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House Votes on Impeachment, Criminal Contempt Charges

The impeachment vote may signal future division
By Neal Colgrass,  Newser Staff
Posted Jul 17, 2019 5:50 PM CDT
Speaker of the House Nancy Pelosi, D-Calif., holds a news conference on Capitol Hill in Washington, Wednesday, July 17, 2019.   (AP Photo/J. Scott Applewhite)

(Newser) – To impeach or not to impeach? That's been the question for House Democrats, and Wednesday they tried it—and it died. But the 332-95 vote against impeaching Trump for his racist tweets Sunday did rally 95 Democratic yeas vs 137 Democratic nays, confirming a divide in the party that could spell trouble ahead, the New York Times reports. Rep. Al Green of Texas put forth the impeachment article, which argued in part that Trump's tweets "brought the high office of the president of the United States in contempt, ridicule, disgrace, and disrepute, has sown seeds of discord among the people of the United States, has demonstrated that he is unfit to be president ... and has committed a high misdemeanor in office."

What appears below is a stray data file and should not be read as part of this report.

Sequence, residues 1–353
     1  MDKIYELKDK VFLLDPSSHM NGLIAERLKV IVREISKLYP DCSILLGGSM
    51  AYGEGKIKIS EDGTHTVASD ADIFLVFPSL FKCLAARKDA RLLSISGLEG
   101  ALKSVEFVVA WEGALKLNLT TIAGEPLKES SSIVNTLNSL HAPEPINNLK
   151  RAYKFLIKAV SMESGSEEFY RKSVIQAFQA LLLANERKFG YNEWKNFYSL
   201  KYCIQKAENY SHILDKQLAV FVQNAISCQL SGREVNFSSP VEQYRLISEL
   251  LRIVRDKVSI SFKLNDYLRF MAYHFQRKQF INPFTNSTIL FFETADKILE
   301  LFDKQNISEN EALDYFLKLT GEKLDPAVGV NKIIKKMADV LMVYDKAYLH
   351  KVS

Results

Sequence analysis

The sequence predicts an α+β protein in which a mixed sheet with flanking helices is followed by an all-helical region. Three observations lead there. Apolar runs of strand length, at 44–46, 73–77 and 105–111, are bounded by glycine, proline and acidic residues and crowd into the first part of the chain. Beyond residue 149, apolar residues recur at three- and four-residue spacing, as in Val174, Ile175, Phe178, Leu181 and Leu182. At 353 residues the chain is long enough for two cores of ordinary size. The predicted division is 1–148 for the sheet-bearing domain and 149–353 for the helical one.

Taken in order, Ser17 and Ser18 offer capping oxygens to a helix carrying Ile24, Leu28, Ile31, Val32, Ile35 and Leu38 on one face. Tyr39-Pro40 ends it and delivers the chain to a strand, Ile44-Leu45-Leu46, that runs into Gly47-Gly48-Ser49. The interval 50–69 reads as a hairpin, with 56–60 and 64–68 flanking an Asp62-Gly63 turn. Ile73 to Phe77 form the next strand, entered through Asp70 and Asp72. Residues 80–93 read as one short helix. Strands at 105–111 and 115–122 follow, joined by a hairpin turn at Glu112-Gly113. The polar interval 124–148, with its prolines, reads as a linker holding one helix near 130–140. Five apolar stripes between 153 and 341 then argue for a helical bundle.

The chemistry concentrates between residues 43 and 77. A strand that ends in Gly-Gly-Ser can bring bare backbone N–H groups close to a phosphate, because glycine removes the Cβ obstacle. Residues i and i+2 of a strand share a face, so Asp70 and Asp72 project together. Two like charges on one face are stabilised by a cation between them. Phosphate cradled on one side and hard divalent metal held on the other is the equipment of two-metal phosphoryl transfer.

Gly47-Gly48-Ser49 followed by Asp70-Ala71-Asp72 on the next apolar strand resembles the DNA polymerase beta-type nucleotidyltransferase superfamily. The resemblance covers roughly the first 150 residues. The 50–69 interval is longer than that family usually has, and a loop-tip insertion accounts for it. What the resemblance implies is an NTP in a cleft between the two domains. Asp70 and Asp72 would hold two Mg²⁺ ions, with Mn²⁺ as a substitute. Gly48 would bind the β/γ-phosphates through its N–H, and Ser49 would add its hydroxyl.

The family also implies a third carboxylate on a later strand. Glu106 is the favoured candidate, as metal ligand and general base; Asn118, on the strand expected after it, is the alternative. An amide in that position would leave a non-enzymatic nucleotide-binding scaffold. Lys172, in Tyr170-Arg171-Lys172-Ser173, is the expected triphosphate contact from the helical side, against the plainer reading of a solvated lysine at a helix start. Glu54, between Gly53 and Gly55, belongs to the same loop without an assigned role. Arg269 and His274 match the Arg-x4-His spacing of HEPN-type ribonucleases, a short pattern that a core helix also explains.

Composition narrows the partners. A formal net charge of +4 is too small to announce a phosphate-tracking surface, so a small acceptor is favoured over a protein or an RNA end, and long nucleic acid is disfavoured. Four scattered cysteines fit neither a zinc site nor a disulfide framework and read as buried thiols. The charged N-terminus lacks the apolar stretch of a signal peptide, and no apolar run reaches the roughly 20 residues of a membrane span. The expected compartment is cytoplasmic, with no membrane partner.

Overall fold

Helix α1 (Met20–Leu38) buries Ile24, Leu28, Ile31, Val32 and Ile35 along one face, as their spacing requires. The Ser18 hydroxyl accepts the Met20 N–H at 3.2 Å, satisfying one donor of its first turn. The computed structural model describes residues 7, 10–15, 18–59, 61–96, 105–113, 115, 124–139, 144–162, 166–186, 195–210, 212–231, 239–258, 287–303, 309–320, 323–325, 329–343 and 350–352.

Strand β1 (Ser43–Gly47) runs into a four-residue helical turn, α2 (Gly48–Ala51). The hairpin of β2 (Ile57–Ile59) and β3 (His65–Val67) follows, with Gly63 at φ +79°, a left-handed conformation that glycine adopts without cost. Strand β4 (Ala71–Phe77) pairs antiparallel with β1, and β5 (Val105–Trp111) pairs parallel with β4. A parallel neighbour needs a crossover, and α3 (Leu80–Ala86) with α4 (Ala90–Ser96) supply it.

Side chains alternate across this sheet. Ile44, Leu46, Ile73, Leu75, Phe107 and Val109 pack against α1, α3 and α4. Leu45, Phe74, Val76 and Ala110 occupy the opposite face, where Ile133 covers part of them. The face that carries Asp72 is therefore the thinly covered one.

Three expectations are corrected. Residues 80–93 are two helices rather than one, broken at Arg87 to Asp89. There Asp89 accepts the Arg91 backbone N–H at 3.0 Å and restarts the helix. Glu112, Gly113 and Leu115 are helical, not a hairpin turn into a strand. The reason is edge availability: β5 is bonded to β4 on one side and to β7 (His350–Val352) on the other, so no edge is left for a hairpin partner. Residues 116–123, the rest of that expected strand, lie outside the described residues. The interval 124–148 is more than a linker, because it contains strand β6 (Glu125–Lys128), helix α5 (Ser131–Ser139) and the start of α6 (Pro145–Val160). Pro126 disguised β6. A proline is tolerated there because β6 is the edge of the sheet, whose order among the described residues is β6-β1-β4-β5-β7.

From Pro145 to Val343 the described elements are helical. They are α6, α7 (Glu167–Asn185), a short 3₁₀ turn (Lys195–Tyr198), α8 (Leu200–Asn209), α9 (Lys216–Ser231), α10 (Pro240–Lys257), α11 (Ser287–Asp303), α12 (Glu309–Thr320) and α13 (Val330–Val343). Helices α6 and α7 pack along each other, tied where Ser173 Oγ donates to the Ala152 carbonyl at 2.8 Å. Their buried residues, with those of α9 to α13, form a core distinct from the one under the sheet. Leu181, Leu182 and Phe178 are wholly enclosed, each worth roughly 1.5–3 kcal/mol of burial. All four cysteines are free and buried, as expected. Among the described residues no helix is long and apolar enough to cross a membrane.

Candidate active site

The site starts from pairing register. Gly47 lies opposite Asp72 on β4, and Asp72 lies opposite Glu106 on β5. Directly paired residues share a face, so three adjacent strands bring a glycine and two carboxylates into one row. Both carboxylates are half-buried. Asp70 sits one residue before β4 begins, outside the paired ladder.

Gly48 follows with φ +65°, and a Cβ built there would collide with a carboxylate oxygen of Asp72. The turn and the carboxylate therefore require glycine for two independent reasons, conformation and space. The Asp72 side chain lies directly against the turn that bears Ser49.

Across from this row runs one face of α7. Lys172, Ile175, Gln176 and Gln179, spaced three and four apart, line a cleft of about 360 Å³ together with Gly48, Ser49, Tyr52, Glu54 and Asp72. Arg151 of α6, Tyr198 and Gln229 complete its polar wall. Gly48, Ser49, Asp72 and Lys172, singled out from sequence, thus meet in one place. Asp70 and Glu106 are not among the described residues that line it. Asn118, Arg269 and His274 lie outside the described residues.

But Nancy Pelosi, who didn't say she disagreed, argued for a different tack: "We have six committees that are working on following the facts in terms of any abuse of power, obstruction of justice and the rest that the president may have engaged in," she said. "That is the serious path that we are on." Later in the day, the House voted 230-198 to hold Attorney General William Barr and Commerce Secretary Wilbur Ross in criminal contempt of Congress for not handing over documents about the White House attempt to put a question about citizenship on the 2020 census, CNN reports. While the mostly party-line vote should spark TV pundits, it may not have a practical effect, since US attorneys are unlikely to press charges against the nation's top lawman. (Read more impeachment stories.)

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